It looks like you're using an Ad Blocker.
Please white-list or disable AboveTopSecret.com in your ad-blocking tool.
Some features of ATS will be disabled while you continue to use an ad-blocker.
An animal's attractiveness to potential mates is thought in some cases to be related to the animals overall health and therefore suitability as a parent.
In few cases is health so clearly displayed as the white spot on the flycatcher's forehead.
The size of the spot on a male flycatcher bird indicates his immune system's ability to fight off the avian flu virus, scientists announced today.
The study found the male collared flycatcher can change the size of its forehead spot during mating season. Males that unfurl their forehead spots most are those that produce the most antibodies.
"It seems that the female uses the forehead spot as a health indicator," Mans Andersson of Uppsala University in Sweden. "When she chooses males with a large forehead spots, she takes not only the healthiest males but also the ones with the best immune defense against future virus infections."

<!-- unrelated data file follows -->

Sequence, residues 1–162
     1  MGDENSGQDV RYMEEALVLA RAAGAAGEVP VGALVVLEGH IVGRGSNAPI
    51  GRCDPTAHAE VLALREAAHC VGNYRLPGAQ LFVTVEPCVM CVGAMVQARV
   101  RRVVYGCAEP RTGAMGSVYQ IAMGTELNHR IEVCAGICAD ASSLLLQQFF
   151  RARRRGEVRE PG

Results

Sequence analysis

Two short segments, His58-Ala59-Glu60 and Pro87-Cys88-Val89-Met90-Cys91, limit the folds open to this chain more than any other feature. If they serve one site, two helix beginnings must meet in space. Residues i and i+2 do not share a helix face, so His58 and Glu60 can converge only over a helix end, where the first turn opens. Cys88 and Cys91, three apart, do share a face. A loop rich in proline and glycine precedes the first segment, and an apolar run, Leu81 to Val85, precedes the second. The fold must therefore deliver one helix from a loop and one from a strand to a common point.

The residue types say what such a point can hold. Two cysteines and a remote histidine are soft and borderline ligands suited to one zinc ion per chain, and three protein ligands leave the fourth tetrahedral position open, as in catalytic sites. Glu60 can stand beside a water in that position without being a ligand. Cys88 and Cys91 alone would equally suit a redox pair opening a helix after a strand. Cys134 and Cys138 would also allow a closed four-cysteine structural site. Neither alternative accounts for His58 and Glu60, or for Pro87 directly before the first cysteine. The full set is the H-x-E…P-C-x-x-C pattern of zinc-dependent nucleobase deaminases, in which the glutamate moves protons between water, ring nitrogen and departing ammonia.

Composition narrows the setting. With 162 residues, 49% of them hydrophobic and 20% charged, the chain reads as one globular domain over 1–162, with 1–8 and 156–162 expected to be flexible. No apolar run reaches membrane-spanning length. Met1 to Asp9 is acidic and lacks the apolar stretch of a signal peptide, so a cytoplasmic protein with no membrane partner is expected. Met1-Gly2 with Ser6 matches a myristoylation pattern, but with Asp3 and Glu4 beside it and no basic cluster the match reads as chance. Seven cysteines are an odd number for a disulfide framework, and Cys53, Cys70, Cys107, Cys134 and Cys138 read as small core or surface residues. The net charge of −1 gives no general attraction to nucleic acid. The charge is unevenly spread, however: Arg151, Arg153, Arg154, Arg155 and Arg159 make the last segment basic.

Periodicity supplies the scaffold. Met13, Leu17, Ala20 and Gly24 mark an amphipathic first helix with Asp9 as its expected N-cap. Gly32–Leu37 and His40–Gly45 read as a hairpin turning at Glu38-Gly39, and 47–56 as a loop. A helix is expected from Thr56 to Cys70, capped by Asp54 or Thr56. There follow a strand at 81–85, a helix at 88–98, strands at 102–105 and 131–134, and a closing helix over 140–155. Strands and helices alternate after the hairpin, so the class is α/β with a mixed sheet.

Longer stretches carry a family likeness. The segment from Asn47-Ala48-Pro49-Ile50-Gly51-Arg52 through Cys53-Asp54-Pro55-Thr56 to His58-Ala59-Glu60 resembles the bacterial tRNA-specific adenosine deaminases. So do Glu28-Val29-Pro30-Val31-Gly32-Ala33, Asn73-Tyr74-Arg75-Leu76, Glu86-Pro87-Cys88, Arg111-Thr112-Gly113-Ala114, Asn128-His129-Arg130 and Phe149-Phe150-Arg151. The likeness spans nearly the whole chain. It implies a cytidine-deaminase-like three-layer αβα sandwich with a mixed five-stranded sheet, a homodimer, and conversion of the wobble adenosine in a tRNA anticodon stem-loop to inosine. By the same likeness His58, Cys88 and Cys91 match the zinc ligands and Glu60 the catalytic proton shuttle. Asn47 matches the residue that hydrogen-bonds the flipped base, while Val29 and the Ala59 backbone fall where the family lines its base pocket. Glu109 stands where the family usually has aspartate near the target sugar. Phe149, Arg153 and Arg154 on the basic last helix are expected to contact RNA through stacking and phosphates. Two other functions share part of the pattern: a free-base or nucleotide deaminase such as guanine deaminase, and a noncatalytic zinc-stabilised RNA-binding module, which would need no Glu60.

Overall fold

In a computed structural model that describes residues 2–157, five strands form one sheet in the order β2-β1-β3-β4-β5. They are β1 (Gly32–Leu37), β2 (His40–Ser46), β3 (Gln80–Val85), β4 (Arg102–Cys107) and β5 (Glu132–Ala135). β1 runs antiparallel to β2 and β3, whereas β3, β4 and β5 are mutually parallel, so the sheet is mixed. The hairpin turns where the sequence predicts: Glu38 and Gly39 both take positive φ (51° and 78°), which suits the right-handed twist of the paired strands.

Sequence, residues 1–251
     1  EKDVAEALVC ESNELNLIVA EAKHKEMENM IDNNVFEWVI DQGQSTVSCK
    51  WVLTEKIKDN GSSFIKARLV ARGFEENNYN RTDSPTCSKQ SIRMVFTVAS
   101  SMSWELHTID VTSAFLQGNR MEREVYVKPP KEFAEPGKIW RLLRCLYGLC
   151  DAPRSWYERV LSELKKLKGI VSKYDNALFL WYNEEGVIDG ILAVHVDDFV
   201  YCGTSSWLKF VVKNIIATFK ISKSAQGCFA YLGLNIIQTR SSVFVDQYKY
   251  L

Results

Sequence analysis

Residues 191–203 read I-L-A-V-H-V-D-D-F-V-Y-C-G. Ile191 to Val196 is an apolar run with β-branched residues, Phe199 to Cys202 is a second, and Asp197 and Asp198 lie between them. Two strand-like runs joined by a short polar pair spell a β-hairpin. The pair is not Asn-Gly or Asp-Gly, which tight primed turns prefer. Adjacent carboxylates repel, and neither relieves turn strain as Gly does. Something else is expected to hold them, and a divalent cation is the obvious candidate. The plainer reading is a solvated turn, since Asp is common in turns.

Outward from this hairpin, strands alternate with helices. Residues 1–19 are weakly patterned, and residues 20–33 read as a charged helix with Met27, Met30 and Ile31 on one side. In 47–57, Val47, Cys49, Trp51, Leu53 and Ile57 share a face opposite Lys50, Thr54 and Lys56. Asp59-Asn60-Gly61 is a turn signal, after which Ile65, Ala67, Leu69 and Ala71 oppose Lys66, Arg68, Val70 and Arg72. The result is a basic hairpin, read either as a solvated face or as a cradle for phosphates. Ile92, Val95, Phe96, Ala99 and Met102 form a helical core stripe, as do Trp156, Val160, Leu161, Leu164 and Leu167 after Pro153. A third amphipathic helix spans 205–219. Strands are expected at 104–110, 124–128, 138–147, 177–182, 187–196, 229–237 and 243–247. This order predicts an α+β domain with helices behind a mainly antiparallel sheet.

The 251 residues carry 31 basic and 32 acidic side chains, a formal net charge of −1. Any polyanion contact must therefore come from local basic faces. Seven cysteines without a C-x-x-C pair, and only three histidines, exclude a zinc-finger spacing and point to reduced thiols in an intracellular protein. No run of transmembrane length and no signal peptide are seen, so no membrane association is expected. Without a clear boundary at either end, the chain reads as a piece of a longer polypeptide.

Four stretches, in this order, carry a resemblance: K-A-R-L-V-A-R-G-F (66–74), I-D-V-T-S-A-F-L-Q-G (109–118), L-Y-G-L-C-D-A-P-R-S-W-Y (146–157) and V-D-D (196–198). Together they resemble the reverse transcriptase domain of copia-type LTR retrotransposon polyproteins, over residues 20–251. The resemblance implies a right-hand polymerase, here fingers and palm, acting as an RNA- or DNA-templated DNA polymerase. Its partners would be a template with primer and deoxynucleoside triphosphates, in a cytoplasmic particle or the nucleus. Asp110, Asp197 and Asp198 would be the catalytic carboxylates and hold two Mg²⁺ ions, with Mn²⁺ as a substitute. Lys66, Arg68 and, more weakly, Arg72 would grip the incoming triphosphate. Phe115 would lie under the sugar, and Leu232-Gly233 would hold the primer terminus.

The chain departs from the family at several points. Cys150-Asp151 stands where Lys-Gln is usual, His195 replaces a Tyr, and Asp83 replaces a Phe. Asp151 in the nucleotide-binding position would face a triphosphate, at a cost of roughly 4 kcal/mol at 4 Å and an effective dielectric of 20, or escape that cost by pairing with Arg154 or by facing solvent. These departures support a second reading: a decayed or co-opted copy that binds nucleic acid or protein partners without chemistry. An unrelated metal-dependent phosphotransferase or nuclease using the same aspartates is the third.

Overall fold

originally posted by iori_komei
I don't really have anything to say, it was an interesting article.
I wonder if there could be a similiar effect in humans, well if that turns out to be the case most of HollyWood is safe.
From orginal new article posted by 'i_k'
The birds are not magically transforming their spots. Instead, evolution is at work, allowing the birds to show off their health. The finding supports the theory that expression of secondary sexual traits, such as brighter plumage, bigger horns or a larger spot, signals traits that are beneficial for survival.
Originally posted by dgtempe
Thank you for that article! At last, i can relax, seeing that i am extremely sexy myself....
Seriously, thats an interesting concept.
If it works for chickens....
Is there something in the environment that is constantly changing and can govern the genetics of appearance and health, leading, instead, to diversity?
..."More and more evidence indicates that the most changeable part of the environment consists of parasites, bacteria and viruses. All of these, especially viruses, evolve more rapidly than the hosts whose resources they live off of. The host will therefore always be in an important evolutionary race against its diseases," explains MÃ¥ns Andersson, who directs the research team.
The findings not only enhance our understanding of why animals behave and look the way they do but also help explain why animals that choose their own mates produce healthier offspring than animals whose mates are selected by humans.
Attractive Birds More Immune Against Bird Flu